Texas Special Footage

Discussion in 'General' started by frisco4301, Jan 11, 2011.

  1. frisco4301

    frisco4301 Member

    This may already be posted but found some rare 8mm footage of the Texas Special post SLSF participation on Youtube. Search "MKT Texas Special". Footage at Waxahachie July, 1964 with shot on board, Waco, and northbound at Lancaster. Jeff Cooney, Lindsay, TX
  2. TAG1014 (Tom Galbraith RIP 7/15/2020)

    TAG1014 (Tom Galbraith RIP 7/15/2020) Passed Away July 15, 2020 Frisco.org Supporter

    As I watched these videos (Of the Texas Special and another of the Katy Flyer) and thought: Poor ol' Katy was on the downhill slide, but even then, there was no better way to go if you were going where there were tracks. Great Americana--People gathering at the station; kids anticipating the train arrival; folks meeting friends and family; railroad men talking and checking their watches...


    Last edited by a moderator: Jan 12, 2011
  3. gstout

    gstout Member Frisco.org Supporter

    Not only was the last trip of MKT 1-2 south of Dallas (the train continued in operation as a Kaycee-Dallas job for another year or so), it was also the last day of dining car service on the Katy. Chances are today a Kansas City-DFW run would be at least moderately successful.

  4. Joseph Toth

    Joseph Toth Member

    After my parents moved from Dallas to Tampa, Florida, in 1959 I missed the Frisco, Katy and Cotton Belt 24/7! I got to spend the summer of 1960 with my grandparents who still lived in Farmers Branch, north of Dallas. I would ride my cousin´s bike over to the Frisco´s Ft. Worth-Sherman main and watch F units and FAs roll their Frisco Fast Freight under a big clear sunny Texas sky. The bad news was the two way Greyhound bus trip!

    I spent a week with my aunt and uncle in Houston and for my big Birthday Fourteen I got to return to Big D on the Ft. Worth & Denver´s Sam Houston Zephyr. I remember the scenes at the depots where it stopped to board and detrain passengers so well.

    How times have changed. No airport on this planet can equal the excitement and tranquillity of Down at the Depot at Train Time!


    Joe Toth
  5. gstout

    gstout Member Frisco.org Supporter

    That particular video has been around for quite a while, and I downloaded it several years ago. It is just such a shame that the film quality is so poor--no doubt the 8mm film has faded/color shifted over the years. That said, I still bring it up and watch it ever now and then just for nostalgia's sake, along with the (very) short video of the 1962 METEOR at Old Orchard.


    SAFN SAAP Member

    How sad it was to see the old varnish disappear from the rails. I wonder what kind of affect a different marketing structure would have had on the railroads. Maybe they wouldn't of lost the passenger service or ripped up so much track. Regardless, it was nice to watch that video and see some of history, but the derelict state of the equipment said it all concerning the railroads in the 1960's.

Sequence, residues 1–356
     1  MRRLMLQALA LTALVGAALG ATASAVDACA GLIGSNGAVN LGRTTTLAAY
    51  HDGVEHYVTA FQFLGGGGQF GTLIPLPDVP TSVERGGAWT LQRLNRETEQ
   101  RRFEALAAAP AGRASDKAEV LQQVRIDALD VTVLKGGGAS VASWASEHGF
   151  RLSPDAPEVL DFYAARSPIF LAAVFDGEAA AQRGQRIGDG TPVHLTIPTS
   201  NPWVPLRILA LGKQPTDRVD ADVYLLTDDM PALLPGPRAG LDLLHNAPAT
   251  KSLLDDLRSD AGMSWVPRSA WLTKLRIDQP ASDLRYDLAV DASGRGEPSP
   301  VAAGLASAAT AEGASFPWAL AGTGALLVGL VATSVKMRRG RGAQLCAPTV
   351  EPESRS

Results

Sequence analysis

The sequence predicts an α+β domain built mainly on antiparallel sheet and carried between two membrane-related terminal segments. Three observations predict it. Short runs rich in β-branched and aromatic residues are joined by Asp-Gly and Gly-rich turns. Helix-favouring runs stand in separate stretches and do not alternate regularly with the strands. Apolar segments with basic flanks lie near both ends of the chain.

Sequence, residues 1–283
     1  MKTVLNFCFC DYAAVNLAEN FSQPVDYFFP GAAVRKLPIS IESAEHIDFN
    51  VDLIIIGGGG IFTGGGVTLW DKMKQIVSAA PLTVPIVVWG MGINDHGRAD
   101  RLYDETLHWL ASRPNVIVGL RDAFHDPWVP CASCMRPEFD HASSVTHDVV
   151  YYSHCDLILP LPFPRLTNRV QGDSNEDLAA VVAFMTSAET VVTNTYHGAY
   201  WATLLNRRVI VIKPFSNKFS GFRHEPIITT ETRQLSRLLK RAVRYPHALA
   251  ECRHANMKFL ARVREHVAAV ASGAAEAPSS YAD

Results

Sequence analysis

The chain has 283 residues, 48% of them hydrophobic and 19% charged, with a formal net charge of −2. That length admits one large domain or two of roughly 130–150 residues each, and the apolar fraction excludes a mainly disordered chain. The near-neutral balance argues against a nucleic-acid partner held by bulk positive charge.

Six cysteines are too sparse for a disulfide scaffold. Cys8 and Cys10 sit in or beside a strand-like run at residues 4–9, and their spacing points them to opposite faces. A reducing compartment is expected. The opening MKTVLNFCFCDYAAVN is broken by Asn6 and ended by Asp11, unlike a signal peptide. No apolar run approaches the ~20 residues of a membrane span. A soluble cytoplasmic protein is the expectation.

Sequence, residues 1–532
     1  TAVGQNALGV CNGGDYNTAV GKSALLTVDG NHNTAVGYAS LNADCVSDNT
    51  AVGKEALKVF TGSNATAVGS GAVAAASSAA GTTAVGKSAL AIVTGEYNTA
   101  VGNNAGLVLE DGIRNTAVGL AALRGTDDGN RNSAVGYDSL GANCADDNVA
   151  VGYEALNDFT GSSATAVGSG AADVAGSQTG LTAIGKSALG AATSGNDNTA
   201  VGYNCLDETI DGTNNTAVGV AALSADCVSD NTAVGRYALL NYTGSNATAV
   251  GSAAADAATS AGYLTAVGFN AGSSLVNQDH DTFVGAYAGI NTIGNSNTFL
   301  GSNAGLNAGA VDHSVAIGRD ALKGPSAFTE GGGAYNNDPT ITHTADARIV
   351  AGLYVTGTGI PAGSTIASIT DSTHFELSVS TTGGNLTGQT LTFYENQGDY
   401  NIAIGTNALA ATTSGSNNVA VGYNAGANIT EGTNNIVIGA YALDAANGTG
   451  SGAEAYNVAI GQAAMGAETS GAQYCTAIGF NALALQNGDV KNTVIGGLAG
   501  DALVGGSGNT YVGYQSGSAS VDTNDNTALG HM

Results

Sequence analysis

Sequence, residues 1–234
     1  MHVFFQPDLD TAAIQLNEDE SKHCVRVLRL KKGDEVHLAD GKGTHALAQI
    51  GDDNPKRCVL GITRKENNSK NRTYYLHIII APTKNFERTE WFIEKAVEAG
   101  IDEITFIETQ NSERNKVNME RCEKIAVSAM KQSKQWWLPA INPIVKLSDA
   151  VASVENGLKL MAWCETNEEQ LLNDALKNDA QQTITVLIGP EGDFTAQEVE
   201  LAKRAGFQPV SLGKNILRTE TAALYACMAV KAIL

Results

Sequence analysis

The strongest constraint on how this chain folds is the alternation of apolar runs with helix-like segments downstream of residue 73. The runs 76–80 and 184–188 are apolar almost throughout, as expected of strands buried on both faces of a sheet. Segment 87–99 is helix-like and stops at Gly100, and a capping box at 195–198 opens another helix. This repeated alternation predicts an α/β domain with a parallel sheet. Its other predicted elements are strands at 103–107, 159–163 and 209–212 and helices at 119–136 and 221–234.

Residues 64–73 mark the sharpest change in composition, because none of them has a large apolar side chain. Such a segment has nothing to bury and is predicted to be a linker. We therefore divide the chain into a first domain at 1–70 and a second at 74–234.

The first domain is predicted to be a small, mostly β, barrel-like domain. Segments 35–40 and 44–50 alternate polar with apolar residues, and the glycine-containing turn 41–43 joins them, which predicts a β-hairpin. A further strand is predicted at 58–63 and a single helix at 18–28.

7. gstout

    gstout Member Frisco.org Supporter

    The problem the railroads had vis-a-vis their passenger operations was not one of marketing, it was one of economics, specifically the labor cost involved with operating the train plus the cost of replacing or upgrading old equipment. Yes, the railroads overstated their "fully absorbed" costs as a means of accelerating train-off petitions, but the train were losing money "above the rails" anyway. Consider that it took five or six people to operate a jet airplane between Chicago and Seattle and thirty-some odd to run the OLYMPIAN. In point of fact, nobody today really makes money transporting people. Certainly not the commuter rail authority here in Chicago and not even the airlines, which, if they had to pay their own way for ground facilities, air traffic control, etc., simply could not exist.

  8. Joseph Toth

    Joseph Toth Member

    Back in the early 60s the Railway Progress Institute launched a program they called The Magna Carta of Transportation. It addressed the issue of the unfair treatment the railroads were receiving from the government in relation to the airlines, motor transport carriers as well as the barge traffic on the waterways. Indirectly it also included the private automobile as well since the construction of the Interstate highway system made it easier to take the family on vacation on rubber wheels instead of the flanged wheel.

    Amtrak has had to fight for its existance since it was created and it is a pity that there isn´t a sound transportation policy to insure that high speed rail lines get constructed without polititians blocking the way from either party. Japan lead the way with high speed rail in the 60s while Washington DC is still trying to reinvent the stage coach and bring it into the 21st Century.

    Despite the problems that faced the railroads when they entered the 1960s and even with the lack of proper maintenence The Texas Special was still a beautiful lady. She might have lacked the fancy looks that the Santa Fe´s Texas Chief offered the public but her down home hospitality and dinners in the diner were still part of a proud and famous history next to none.

    Train travel hasn´t been the same since.

    Joe Toth
    Last edited by a moderator: Mar 26, 2012

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